Paul Charteris, race director of the Vibram Tarawera Ultramarathon, cannot believe his luck. A field of some of the finest ultra-runners in the world is expected for the annual race next Saturday.
"It's like organising a local bicycle race and having half of the Tour de France peloton show up for the ride," said Charteris. "It's humbling - and frankly, scary."
The 100km Tarawera Ultra is a ridiculously long-distance running race on some of the most beautiful trails in the North Island, with magnificent bush tracks and forestry roads from Rotorua to Kawerau.
It is one of the world's toughest endurance running races and is the brainchild of Charteris. The Rotorua event organiser started the Tarawera Ultra five years ago, and for many of the world's best off-road distance runners it has quickly become a "must-do" on their global calendar.
"The 2013 Tarawera Ultra will be the most competitive long-distance running event in New Zealand since the 1990 Commonwealth Games marathon," said Charteris.
"The race sold out months ago and the 430-strong field is stacked with the world's best. The winners of nearly every major international ultra-marathon race will be on the start-line."
A lot of top Kiwi runners will also be in the field to defend local honour.
"The ultra-racing world is keen to see how 21-year-old Ruby Muir from Napier will handle the distance. She's unbeaten, including winning her first ultra-distance run when she stormed away from the field at the 2012 60km Kepler Challenge in Te Anau."
Muir is expected to receive stiff competition from Dunedin's Anna Frost, widely regarded as the world's top female trail-runner last year.
Frost's Salomon Racing teammates, Emelie Forsberg from Sweden and Candice Burt from the United States, will also be on the start line, with Australian Beth Cardelli.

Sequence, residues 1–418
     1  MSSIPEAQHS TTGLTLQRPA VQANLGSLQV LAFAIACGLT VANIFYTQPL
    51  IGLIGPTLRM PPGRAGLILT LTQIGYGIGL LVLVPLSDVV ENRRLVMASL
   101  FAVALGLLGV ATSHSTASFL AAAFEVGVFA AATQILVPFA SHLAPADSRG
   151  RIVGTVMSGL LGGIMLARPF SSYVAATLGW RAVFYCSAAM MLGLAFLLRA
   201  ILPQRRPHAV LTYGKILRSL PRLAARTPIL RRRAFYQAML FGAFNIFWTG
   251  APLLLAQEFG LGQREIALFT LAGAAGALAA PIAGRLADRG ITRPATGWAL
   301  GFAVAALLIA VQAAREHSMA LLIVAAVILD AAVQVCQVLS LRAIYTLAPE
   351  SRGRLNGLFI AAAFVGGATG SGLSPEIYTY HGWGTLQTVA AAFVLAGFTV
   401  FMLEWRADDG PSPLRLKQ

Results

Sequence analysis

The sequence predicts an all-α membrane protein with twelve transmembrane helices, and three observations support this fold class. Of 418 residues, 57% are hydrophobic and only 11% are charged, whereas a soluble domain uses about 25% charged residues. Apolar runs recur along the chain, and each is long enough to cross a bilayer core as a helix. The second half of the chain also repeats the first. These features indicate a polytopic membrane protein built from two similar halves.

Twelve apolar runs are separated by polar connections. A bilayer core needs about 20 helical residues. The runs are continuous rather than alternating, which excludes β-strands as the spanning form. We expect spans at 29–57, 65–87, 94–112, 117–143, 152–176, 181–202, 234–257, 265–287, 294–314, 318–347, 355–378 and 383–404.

Cardelli won the last eight events she entered in her home country.
The top of the men's field is a fleet-footed freight train of long-distance talent. Mick Donges from Katoomba, Australia is back to defend last year's Tarawera title against Christchurch's Vajin Armstrong.
The Kiwi finished second over the 100km distance in the past two years and is keen to go one better.
Colorado-based runner Anton Krupicka, who ran a relay leg at Tarawera last year, has already fired a warning shot, posting online that he's coming back to New Zealand for the win.
"This year, I'm looking forward to the technical trail between Humphries Bay and Tarawera Falls most of all," said Krupicka.
Other top runners to watch will be Brendan Davies, Australia's ultra-runner of the year, and Timothy Olson, Jason Schlarb, Rickey Gates and Sage Canaday from the US.
Francios D'haene and Greg Vollet, from France, will lead the European contingent.
Olson and D'haene won the two biggest races in the world last year; Olson, the Western States 100-mile [160km] Endurance Run in California in record time, and D'haene the Ultra Trail Mont Blanc title in his home country against more than 2000 runners.
Canaday throws some freakish speed into the mix - a 2:16 marathoner, he has recently switched to ultra-distance racing and recently became the United States 100km trail champion.
Rotorua is renowned for hosting a number of international sporting events. In 2006, the UCI Mountain Bike and Trials World Championship were in Rotorua and the Single Speed World Champs were held in the Whakarewarewa Forest in 2010.
"A beautiful environment and superb athletes - it really is a recipe for a fabulous day of racing," enthuses Charteris. " It will be a big week for the region."
Vibram Tarawera Ultramarathon
When: Saturday, March 16
Where: Rotorua to Kawerau, Bay of Plenty
Event options: 60km, 85km or 100km running distances.
Facts about the race:
• 430 runners from 20 countries.
• The inaugural race in 2009 included 67 runners from four countries.
• This is the fifth Vibram Tarawera Ultramarathon.
• Runners pass through exotic forestry, native bush, lakes, waterfalls and follow the beautiful river.
• Most of the run is on single-track trails or forestry roads.
• Runners can compete as solo athletes or in a relay team.
• There will be buffet aid stations, drop bags, pacers, spot prizes and free hot pools for competitors.